Here’s a proposal from Sen. Elizabeth Warren to have the government manufacture generic drugs directly. (I was traveling yesterday and wasn’t able to blog this then). It’s clear that there are some problems with parts of the generic drug system that we have, so my first thoughts were (1) whether Warren saw the same problems I did and (2) if I thought that her ideas would fix them.
In order to work through these, though, you first have to whack this proposal with a hammer a few times to knock some of the rhetoric off of it. That’s a common problem with public statements from elected officials, of course, and it’s made worse by the fact that Warren is exploring a presidential bid in 2020 (along with a line of other possible contenders that stretches all the way around the corner). Many of the other contenders have introduced whack-that-pharma-industry ideas recently, by some odd coincidence. So the Washington Post op-ed linked to above spends a good amount of its space attacking the drug industry as a whole – generic firms, research-driven ones, we’re all evil bloodsuckers in case you had any doubts, and the only differences are our wingspans and the shapes of our fangs.
Once past all that – it takes a few paragraphs – you get to the idea itself:
The Affordable Drug Manufacturing Act would allow the Department of Health and Human Services to step in where the market has failed. HHS would manufacture or contract for the manufacture of generic drugs in cases in which no company is manufacturing a drug, when only one or two companies manufacture a drug and its price has spiked, when the drug is in shortage, or when a medicine listed as essential by the World Health Organization faces limited competition and high prices.
To save time, I’m going to reference this post of mine from earlier this year. That was in response to a rather similar plan by several hospitals/health care systems to try manufacturing their own generic drugs, to address the exact same problems. A point made there is that there are a lot of ways that generic drug availability can go wrong, and the solutions for the problems may well need to differ, too. For example, Sen. Warren’s idea is couched in terms of the government reluctantly riding in to save consumers from profit-hungry corporations (which is her default mode, to be honest – I live in Massachusetts and I get to hear a lot from Senator Warren). But in many of these cases, the high-price, low-supply or single-manufacturer situations are either side effects of other government actions or were, in fact, created by such actions as a matter of deliberate policy. My libertarian hat may be jammed on a little too tight this morning, but often enough Warren’s plan amounts to the Department of Health and Human Services saving us from the Department of Health and Human Services.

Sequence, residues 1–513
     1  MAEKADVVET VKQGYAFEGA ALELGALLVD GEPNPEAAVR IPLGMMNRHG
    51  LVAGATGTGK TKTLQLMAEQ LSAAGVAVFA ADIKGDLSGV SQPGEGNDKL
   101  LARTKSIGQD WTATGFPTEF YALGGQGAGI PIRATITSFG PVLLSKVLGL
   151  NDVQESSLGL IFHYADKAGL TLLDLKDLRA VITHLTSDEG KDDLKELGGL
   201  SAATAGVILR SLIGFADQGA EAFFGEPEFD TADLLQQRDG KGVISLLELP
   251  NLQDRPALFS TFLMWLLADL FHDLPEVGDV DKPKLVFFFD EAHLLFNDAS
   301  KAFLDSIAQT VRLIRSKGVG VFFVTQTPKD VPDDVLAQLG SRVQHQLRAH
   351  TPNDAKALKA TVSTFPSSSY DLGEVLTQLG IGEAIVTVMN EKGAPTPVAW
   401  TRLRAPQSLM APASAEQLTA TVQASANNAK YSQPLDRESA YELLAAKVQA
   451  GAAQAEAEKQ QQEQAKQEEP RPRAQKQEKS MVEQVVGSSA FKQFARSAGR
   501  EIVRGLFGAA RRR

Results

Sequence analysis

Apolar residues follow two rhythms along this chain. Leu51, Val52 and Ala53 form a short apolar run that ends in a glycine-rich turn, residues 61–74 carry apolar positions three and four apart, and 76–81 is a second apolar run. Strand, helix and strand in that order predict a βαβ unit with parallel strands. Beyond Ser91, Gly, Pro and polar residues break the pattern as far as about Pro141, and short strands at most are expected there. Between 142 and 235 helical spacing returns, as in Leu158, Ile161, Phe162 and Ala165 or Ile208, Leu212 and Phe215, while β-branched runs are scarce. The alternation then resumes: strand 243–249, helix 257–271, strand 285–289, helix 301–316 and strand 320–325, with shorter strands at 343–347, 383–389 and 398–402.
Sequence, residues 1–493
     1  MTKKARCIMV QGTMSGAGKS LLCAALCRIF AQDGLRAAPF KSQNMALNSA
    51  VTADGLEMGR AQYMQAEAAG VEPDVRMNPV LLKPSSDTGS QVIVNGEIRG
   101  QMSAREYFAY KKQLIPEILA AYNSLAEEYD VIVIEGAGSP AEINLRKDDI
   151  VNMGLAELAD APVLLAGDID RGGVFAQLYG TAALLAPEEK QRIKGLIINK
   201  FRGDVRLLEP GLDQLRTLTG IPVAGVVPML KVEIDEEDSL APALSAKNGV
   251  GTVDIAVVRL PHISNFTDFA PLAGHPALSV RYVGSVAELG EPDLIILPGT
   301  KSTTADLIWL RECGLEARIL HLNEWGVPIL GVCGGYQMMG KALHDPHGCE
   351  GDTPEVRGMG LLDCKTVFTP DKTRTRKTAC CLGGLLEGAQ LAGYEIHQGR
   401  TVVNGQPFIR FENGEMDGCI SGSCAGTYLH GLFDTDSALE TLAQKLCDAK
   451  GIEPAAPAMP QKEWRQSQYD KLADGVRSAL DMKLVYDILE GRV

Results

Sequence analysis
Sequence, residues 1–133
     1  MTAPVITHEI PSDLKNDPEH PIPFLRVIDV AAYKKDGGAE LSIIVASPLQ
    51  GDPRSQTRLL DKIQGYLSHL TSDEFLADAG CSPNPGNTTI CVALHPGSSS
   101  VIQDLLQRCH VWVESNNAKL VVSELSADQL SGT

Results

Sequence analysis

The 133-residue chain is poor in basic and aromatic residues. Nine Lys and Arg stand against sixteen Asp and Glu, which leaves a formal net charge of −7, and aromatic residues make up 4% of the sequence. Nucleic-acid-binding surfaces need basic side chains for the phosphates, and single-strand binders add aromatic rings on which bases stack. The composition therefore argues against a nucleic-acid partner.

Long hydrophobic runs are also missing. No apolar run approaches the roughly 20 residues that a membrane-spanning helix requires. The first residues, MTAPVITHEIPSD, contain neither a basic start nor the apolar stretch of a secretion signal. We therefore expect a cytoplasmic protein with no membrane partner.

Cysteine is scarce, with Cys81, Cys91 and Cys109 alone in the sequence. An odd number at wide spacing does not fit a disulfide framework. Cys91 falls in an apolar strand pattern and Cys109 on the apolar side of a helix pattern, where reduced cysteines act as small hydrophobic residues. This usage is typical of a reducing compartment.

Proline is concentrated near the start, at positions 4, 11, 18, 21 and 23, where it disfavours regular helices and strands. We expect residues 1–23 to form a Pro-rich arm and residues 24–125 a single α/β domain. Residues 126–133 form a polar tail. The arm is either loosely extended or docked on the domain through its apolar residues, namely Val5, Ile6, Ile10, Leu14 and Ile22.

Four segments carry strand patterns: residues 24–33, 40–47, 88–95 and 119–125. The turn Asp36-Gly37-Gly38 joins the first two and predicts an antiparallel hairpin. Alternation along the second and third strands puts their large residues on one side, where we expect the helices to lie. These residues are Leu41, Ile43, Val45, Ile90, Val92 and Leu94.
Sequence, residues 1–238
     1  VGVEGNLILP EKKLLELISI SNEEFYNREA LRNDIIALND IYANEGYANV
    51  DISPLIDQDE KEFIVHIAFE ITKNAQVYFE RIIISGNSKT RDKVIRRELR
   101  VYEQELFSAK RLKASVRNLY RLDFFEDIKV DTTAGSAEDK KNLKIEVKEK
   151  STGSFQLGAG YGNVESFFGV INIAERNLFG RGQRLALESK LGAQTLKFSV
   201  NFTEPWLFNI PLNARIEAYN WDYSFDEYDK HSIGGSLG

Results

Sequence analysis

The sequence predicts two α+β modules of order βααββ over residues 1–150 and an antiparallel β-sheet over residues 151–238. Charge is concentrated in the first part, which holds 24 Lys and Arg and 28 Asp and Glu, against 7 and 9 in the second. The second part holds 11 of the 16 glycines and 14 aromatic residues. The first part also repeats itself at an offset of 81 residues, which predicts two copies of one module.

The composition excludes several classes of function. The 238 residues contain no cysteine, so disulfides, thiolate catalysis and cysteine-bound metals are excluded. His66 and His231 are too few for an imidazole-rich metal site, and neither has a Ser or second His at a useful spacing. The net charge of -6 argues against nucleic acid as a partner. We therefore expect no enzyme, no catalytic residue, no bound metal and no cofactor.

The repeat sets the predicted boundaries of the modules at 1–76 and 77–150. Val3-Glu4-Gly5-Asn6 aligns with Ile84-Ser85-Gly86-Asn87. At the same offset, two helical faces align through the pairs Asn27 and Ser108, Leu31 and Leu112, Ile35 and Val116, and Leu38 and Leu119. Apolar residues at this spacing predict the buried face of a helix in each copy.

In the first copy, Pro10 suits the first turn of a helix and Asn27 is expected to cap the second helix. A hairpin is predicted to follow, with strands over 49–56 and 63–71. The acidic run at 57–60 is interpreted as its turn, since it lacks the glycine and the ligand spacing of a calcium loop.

Let’s save time in another manner: this will not pass the Senate. So it’s not worth discussing as a bill, but what about as a policy? The shortages and price hikes in some generic medications are bad things: stipulated. The hospital proposal was much more targeted – they know which compounds they just can’t purchase in the quantities needed, and they want to step in to make them. As that earlier post says, there are some complications in that idea, but Warren’s plan seems almost entirely focused on prices instead.
Which is a different issue, and much more politically attractive. The latest estimate I have (US government figures) is that retail spending on prescription drugs was about 10% of US health care expenditures. That’s the total of out-of-pocket, employer-sponsored health insurance and other private health insurance, Medicare, Medicaid, etc. Hospital expenditures on such drugs are not captured in that figure, but estimates are that another 30 to 40% can be added to the retail figures to capture that. So let’s say that total drug expenditures are 14% of all health care expenditures. Generic drug spending appears to be between 20 and 25% of that. The portion of that affected by price spikes and shortages is smaller still. So a back-of-the-envelope figure would have Senator Warren’s plan addressing about 1% of total US health care expenditures.
I know that she’s fond of talking about “the other 99%”, but I don’t think this is what she has in mind. That 1% of expenditure, though, is a very visible and politically productive segment, and for an elected official of either party, I don’t think it’s out of bounds to suggest that this is a factor. Frankly, if we’re going to have people step in and manufacture generics to drive down prices and increase supply, I’d rather have that hospital consortium try it. At least they’re not trying to run for President.